Benitez's fate..."

Football 365

The imminent departure of Rafa Benitez from Liverpool is being seen as a positive, and inevitable move
on Fleet Street.

The Times' Tony Barrett claims this is a crucial moment for the club.

He writes: 'The beginning of what appears to be the end for Rafael Benítez also marks the start of a summer that threatens to be one of the most painful - and will undoubtedly be the most pivotal - in the modern history of Britain's most successful football club...

'For the past 20 years Liverpool have gone into each and every summer desperate to reclaim their status as English champions and each and every time they have failed in their mission.

'This time around the situation they are facing is much more extreme and the challenge confronting them even more critical as they bid to reclaim both their soul and their sense of direction. Failure on these fronts does not even bear thinking about.'

Andy Hunter writes in The Guardian that Benitez may not be the only departure from Anfield this summer.

'Liverpool's best two players have both said they will consider their futures after the World Cup, and Marca, the Spanish sports paper with close ties to Real Madrid, yesterday announced that Gerrard is the principal target of Real Madrid's new manager, José Mourinho.'

And it was the loss of support from those key players that made Benitez's departure a matter of time, according to Phil Thomas in The Sun.

'It is a decision that will officially have come from those at the top. In truth it is one for which the foundations were most definitely laid on the shop floor. Or, to be more precise, the dressing room itself...

'Men like Steven Gerrard, Fernando Torres, Javier Mascherano, Yossi Benayoun, Jamie Carragher... the list of those with shrinking faith in the manager seemed to grow by the game.'

Indeed, The Daily Mirror's David Maddock goes one further, saying of the senior players: 'Some had even stated privately that they would leave if Benitez stayed.'

And so attention turns to Benitez's potential successor.

The Mirror reports: 'Liverpool have already drawn up a short-list of possible replacements for Benitez, with the highly respected Roy Hodgson and Louis Van Gaal topping the candidates, along with Benfica manager Jorge Jesus, and - before he accepted the Italy job - Cesare Prandelli of Fiorentina.'

The names Roy Hodgson and Martin O'Neill are mentioned elsewhere, while The Daily Mail suggests Guus Hiddink and Mark Hughes, but The Daily Telegraph suggests an old favourite might step in.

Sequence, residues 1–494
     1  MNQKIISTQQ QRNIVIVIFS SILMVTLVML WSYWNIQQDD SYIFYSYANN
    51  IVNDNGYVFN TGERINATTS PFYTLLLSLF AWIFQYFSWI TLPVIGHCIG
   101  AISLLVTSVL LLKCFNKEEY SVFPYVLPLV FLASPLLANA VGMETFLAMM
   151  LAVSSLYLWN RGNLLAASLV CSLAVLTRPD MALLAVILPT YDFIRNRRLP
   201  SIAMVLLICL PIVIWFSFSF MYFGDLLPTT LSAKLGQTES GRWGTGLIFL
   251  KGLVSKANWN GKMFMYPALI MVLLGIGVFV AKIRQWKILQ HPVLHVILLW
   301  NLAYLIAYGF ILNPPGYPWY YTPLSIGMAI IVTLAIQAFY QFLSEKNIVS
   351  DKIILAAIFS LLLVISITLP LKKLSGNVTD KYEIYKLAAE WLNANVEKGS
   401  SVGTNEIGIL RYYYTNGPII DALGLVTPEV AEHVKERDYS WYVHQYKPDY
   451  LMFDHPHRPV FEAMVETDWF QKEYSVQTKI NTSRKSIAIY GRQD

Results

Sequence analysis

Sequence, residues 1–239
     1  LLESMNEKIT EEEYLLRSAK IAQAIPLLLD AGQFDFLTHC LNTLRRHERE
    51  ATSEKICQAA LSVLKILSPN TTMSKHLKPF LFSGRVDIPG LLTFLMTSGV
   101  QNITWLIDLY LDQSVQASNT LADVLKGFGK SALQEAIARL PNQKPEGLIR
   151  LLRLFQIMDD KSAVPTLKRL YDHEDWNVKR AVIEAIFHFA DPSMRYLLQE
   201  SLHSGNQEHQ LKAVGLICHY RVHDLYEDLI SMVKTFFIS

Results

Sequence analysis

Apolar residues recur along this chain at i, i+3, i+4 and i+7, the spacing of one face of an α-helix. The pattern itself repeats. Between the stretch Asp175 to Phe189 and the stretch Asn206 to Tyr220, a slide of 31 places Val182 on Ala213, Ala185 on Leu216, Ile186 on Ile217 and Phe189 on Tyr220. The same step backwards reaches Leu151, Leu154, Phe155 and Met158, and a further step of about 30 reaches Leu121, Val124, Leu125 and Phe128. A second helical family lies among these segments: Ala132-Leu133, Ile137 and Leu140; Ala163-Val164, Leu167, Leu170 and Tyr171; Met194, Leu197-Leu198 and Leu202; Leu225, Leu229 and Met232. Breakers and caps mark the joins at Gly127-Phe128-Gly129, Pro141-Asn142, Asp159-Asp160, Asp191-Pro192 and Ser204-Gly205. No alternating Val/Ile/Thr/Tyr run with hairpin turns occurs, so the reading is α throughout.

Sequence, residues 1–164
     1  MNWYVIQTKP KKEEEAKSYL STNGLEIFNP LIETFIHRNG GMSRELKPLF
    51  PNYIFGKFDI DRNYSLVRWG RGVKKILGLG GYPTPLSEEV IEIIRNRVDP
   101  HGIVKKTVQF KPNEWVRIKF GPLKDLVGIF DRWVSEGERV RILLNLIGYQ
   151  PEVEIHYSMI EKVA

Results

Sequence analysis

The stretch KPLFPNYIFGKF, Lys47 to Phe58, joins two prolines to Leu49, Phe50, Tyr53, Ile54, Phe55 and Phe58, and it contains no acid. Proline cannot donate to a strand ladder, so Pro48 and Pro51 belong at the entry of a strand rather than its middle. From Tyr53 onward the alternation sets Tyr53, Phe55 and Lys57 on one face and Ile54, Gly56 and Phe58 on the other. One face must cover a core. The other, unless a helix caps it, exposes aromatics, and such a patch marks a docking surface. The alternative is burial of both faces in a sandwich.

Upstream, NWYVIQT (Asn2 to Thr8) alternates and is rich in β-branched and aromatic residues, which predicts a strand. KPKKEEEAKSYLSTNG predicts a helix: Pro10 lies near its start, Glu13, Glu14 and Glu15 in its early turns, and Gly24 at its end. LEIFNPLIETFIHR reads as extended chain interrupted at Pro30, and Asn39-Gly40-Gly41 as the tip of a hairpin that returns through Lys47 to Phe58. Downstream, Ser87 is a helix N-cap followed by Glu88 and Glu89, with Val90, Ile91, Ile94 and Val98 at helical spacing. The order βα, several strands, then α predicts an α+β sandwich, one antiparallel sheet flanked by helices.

'They (the board) will be banking on Liverpool's stature and potential to attract a successor, with Kenny Dalglish a potential interim coach.'

Another 48 hours for Rafa

Sky Sports

Sky Sports sources understand Rafa Benitez is to leave Liverpool in the next 48 hours as the two parties continue to negotiate a severance package.

News broke of Benitez's likely departure on Wednesday night, with the Spaniard believed to be on the cusp of leaving Anfield after a hugely disappointing past campaign.

Liverpool were expected to mount a serious title tilt after finishing second in the previous season but instead an early exit from the UEFA Champions League was followed by a failure to qualify for next term's premier club competition, after finishing seventh in the Premier League.

Reports emanating from the Merseyside outfit have suggested Benitez has lost the support of senior figures within the dressing room, with key duo Fernando Torres and Steven Gerrard linked with summer departures.

Sky Sports has learnt that Benitez will likely confirm his exit within the next 48 hours, although his agent is refusing to comment on the speculation.

Manuel Garcia Quilon said: "We don't know anything more than what's being said. We're not saying anything."

Various figures have been mooted with regards how much it will take to pay-off the Spanish tactician, with the club now looking to thrash out terms that suit both parties.

Sky Bet have installed Aston Villa manager Martin O'Neill as the 6/4 favourite to take over at Liverpool on a permanent basis should Benitez depart.

Guus Hiddink, who is set to take the reins of the Turkish national team, is 3/1 and Roy Hodgson, who guided Fulham to their first European final last season, is 4/1.

Fans' favourite Kenny Dalglish, who has been tipped for a temporary role, is 6/1 and Oswaldo de Oliveira, who has steered J League side Kashima Antlers to three league titles, one Emperor's Cup and one Japanese Super Cup since 2007, is 12/1 to take over.

Benítez conquered Europe with Liverpool
but is now victim of owners' reign

By Rory Smith Telegraph.co.uk

Approached by a newspaper hoping to engage him as a columnist for this summer’s World Cup, Rafael Benítez politely refused, explaining that such a task would be too much work for a man hoping to enjoy a summer with his family.